The longitudinal relationship between motor competence and measures of fatness and fitness from childhood into adolescence
Journal article, Peer reviewed
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OriginalversjonJornal de Pediatria. 2018, under utgivelse, corrected proof 10.1016/j.jped.2018.02.010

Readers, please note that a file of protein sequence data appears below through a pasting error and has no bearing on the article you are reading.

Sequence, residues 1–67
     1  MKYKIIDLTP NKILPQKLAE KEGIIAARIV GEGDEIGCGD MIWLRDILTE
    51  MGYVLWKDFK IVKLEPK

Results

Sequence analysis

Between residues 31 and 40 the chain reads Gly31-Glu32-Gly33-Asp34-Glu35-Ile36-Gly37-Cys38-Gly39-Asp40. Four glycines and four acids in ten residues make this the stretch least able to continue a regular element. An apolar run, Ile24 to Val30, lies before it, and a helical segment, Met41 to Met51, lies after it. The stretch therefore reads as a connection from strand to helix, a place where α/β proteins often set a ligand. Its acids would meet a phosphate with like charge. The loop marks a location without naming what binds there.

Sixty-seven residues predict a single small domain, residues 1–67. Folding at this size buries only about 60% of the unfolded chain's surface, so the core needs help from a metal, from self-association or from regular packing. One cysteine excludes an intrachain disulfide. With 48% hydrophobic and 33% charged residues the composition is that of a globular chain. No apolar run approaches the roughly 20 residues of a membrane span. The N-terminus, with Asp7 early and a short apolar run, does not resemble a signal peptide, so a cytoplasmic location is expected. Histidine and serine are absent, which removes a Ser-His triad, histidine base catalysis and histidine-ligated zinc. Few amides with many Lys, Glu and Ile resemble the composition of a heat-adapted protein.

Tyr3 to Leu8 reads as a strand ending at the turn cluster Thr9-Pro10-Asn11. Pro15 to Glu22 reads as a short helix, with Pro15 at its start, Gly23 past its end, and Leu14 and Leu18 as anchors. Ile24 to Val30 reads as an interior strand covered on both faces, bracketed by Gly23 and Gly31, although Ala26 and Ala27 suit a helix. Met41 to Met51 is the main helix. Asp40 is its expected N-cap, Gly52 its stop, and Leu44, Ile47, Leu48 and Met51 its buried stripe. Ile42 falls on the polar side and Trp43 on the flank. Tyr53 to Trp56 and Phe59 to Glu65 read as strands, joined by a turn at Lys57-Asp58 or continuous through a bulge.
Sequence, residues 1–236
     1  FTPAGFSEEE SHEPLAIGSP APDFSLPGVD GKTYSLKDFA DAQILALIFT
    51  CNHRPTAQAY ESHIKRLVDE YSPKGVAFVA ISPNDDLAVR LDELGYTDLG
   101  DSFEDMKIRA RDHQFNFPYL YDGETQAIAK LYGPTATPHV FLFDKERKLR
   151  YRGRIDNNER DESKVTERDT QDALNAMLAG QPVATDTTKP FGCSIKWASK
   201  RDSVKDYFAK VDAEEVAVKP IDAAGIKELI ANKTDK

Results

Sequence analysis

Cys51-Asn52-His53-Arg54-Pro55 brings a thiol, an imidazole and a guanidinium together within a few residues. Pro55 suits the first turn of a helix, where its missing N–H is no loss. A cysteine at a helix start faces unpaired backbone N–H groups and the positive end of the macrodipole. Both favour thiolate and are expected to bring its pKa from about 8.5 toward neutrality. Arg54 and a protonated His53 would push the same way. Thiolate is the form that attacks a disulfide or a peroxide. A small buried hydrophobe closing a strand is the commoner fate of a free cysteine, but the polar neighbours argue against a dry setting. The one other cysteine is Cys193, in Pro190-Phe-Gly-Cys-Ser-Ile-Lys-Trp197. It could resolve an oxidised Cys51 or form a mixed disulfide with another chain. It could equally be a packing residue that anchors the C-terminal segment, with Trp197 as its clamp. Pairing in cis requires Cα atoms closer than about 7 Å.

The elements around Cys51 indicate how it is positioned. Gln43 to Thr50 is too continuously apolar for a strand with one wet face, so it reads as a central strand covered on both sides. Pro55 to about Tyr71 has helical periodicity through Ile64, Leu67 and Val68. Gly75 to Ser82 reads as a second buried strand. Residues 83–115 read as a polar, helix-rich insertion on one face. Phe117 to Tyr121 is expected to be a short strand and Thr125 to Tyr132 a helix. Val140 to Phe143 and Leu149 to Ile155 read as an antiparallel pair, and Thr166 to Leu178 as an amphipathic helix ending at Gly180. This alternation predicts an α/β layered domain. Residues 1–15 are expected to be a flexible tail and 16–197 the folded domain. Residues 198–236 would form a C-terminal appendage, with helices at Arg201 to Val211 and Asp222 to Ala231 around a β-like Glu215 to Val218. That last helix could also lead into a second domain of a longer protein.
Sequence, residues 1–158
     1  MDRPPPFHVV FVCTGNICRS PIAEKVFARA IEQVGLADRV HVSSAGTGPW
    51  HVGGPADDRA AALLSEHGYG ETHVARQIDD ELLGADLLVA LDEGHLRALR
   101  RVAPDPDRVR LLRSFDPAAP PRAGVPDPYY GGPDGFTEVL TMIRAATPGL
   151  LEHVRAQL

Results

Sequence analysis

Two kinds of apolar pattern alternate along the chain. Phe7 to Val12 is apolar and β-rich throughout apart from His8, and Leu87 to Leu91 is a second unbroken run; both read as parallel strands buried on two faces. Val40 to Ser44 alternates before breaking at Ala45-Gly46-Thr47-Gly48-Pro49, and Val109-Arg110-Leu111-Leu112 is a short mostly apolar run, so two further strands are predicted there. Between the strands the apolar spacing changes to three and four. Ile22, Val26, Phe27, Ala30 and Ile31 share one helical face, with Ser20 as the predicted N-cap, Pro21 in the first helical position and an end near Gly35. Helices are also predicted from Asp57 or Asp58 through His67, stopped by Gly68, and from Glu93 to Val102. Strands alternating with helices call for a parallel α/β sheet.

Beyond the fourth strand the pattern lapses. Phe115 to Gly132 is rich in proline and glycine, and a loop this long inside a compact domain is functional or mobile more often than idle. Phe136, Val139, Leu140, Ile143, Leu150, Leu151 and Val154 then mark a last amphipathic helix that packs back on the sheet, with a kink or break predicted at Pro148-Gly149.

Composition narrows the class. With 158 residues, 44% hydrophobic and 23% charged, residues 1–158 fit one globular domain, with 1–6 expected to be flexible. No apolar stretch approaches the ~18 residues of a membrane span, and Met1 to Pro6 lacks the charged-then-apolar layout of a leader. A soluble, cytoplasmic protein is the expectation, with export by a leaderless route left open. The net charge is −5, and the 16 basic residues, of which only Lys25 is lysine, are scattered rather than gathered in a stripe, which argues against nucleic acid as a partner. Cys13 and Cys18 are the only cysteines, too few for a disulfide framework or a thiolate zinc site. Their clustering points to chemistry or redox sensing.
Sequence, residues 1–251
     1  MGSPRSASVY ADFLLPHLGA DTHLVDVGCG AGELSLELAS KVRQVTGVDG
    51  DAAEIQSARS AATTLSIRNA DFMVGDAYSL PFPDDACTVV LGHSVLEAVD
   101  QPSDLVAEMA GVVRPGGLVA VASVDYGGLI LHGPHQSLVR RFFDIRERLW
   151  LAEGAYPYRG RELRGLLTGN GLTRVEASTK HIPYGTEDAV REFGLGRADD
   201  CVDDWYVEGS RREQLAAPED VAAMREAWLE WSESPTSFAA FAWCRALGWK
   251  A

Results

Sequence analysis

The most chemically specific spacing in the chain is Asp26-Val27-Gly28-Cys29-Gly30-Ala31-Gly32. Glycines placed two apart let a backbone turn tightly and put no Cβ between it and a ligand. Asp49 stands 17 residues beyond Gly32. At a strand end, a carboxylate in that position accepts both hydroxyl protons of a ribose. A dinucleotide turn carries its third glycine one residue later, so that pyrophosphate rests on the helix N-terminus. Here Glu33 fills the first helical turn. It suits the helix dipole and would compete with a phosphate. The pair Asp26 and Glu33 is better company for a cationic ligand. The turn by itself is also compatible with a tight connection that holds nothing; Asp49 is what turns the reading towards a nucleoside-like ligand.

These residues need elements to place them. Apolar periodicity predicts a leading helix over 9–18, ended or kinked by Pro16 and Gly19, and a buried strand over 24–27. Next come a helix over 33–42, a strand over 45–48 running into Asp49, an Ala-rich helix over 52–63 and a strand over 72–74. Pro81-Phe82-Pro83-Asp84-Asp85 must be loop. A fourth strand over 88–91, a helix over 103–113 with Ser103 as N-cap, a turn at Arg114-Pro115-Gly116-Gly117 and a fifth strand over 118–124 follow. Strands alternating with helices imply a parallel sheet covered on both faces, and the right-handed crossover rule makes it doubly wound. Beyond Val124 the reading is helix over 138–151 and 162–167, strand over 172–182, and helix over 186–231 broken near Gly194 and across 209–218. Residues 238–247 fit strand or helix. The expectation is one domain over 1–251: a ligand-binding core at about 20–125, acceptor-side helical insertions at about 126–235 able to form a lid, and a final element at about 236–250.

Objectives: To examine longitudinal (seven years) relationships among cardiorespiratory fitness (VO2peak), body fatness, and motor competence. Method: Data were collected as part of the Copenhagen School Child Intervention Study (CoSCIS). Body fatness was assessed by the sum of four skinfolds. VO2peak was measured directly in a continuous running protocol. Motor competence was assessed using the Körperkoordinationtest für Kinder. This study used multilevel linear mixed models to evaluate the reciprocal longitudinal association between body fatness, VO2peak, and motor competence. All regressions were stratified by sex and adjusted by intervention and pubertal status. All variable coefficients were standardized. Results: A reciprocal relationship was observed between children's motor competence with body fatness and VO2peak at the seven-year follow-up (6–13 years of age). Children with higher motor competence at baseline had a lower risk of having higher body fatness (βboys = −0.45, 95% CI: −0.52 to −0.38; βgirls = −0.35, 95% CI: −0.42 to −0.28) and higher VO2peak (βboys = 0.34, 95% CI: 0.27–0.40; βgirls = 0.27, 95% CI: 0.20–0.33) during childhood. Alternatively, higher body fatness or lower levels of VO2peak at baseline were associated with lower motor competence during childhood. Conclusions: These data suggest motor competence, body fatness, and VO2peak demonstrate reciprocal relationships across childhood (6–13 years of age). Interventions addressing motor competence, cardiorespiratory fitness, and body fatness in early childhood are recommended, as intervention effects are likely to be enhanced because of the mutual reciprocal associations between these three variables.